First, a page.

Storing Clothing in the Georgian Era: The Clothes Press

One of the questions I get a lot when giving clothing workshops is “How did people store their clothes”? The answers are obviously very different across the classes, but in general my audience wants to know about the gentry and nobility.

Let’s start with closets. Yes, closets existed. Both in the modern sense of a large cupboard in which you store things and in the more historical sense of “a smaller room off a main living space, where you also stored things”. You see modern-type built in closets in many period homes, though they’re often hidden. They usually flank fireplaces, doorways, or built-in nooks for beds. The period idea of a closet was part of a suite of rooms that made up a person’s private chambers. There would be a bedroom, a study or boudoir, and often a closet or dressing room. This all varied widely so there’s no hard and fast rule as to what set-up your characters might have (and don’t forget to take in the era in which the house was built).

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Mahogany clothes press, c. 1730-1760. Interior contains both drawers and shelves. Victoria and Albert Museum.

Regardless of what rooms your house has, the clothing storage will be of three types: chests (the classic flip-top large box), chest of drawers (just like today) and the clothes press/wardrobe (not like the big one that leads to Narnia). Clothes presses are most similar to what Americans now call “high boys” (which are a form of raised clothes press).

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Clothes Press, c.1775-1778, Chippendale. Interior contains both shelves and drawers. Victoria and Albert Museum.

Clothes presses have drawers at the bottom and then an open space with pull-out shelves at the top behind doors. Later on (late 19thC) you get the kind with half the space given over to hanging garments and half to shelves). So your clothing would be carefully folded and organized among these various options, but in general it would not be hung as it often is today (I’ve heard their might have been pegs or a line for awkward items like false rumps, hoops, etc., but I’ve never seen this in practice outside of satirical drawings of how the poor lived).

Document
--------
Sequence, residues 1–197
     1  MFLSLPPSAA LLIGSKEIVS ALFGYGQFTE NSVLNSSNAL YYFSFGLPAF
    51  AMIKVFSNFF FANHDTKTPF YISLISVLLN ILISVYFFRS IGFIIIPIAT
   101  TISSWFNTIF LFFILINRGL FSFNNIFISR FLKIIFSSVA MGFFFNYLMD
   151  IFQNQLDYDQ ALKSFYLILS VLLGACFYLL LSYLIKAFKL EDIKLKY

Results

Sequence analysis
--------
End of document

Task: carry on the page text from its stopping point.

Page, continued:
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Japaned Clothes Press, c. 1815, Crace (likely made for Brighton Pavilion). Victorian and Albert Museum.

It’s also likely that clothes were cycled, so you didn’t have everything in your room at once, just the things you needed for the season you were in. Clothing for other seasons would be packed away and stored in the attics (hence the treasure troves occasionally unearthed   ). At the end of each season, you would decide what was worth packing away for use the next year and what you would get rid of (this retired clothing was generally a perq of the lady’s maid, who could refashion it for her own use or sell it).

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English Clothes Press, c. 1750.

For more insight into period homes, I highly recommend Georgian & Regency Houses Explained by Trevor Yorke.

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3 Responses to Storing Clothing in the Georgian Era: The Clothes Press

  1. Interesting post, Isobel! I do think people forget that hanging clothes up as we do now is a later practice. And now I want to check out Trevor Yorke’s book, which sounds lovely. Thanks for sharing!

    • Isobel Carr says:

      They definitely hung things in shops when they were for sale (you see this in a lot of prints, with wares displayed on the walls), and they hung coats/cloaks on pegs in clubs, but hangers are Victorian. Clothes presses were sometimes reworked into what we think of wardrobes with a rod replacing the shelves so the furniture can be confusing too.

  2. Fascinating post, Isobel. My brothers and my mother had huge wardrobes in their bedrooms in the house we lived in in England. They appeared to be fitted for hanging in design and each had a huge drawer at the bottom. In my room, however, I had something very like the last photo in this post. I was only nine when we moved there so it didn’t bother me. I just folded everything up. But my mother made my father fit a shower curtain rod across one corner of my room so she could hang up my dresses. We rented the house furnished, but looking back there were several pieces I really wish we could have brought home with us!

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